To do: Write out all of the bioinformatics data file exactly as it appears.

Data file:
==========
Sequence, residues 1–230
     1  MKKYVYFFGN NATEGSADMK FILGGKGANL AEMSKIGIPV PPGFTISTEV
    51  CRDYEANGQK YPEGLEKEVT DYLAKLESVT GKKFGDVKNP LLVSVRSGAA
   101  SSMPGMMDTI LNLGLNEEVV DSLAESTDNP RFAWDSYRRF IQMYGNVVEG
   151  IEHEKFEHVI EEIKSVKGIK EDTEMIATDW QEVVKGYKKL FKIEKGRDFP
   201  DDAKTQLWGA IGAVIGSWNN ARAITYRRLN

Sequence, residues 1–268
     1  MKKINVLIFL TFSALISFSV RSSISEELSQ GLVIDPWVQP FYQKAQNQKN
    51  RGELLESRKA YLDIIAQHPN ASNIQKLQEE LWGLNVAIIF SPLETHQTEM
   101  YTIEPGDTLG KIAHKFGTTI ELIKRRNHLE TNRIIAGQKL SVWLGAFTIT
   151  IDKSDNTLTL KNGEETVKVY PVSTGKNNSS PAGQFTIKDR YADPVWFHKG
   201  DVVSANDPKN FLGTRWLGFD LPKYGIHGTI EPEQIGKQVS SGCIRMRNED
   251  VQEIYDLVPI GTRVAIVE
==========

Sequence, residues 1–230
     1  MKKYVYFFGN NATEGSADMK FILGGKGANL AEMSKIGIPV PPGFTISTEV
    51  CRDYEANGQK YPEGLEKEVT DYLAKLESVT GKKFGDVKNP LLVSVRSGAA
   101  SSMPGMMDTI LNLGLNEEVV DSLAESTDNP RFAWDSYRRF IQMYGNVVEG
   151  IEHEKFEHVI EEIKSVKGIK EDTEMIATDW QEVVKGYKKL FKIEKGRDFP
   201  DDAKTQLWGA IGAVIGSWNN ARAITYRRLN

Sequence, residues 1–268
     1  MKKINVLIFL TFSALISFSV RSSISEELSQ GLVIDPWVQP FYQKAQNQKN
    51  RGELLESRKA YLDIIAQHPN ASNIQKLQEE LWGLNVAIIF SPLETHQTEM
   101  YTIEPGDTLG KIAHKFGTTI ELIKRRNHLE TNRIIAGQKL SVWLGAFTIT
   151  IDKSDNTLTL KNGEETVKVY PVSTGKNNSS PAGQFTIKDR YADPVWFHKG
   201  DVVSANDPKN FLGTRWLGFD LPKYGIHGTI EPEQIGKQVS SGCIRMRNED
   251  VQEIYDLVPI GTRVAIVE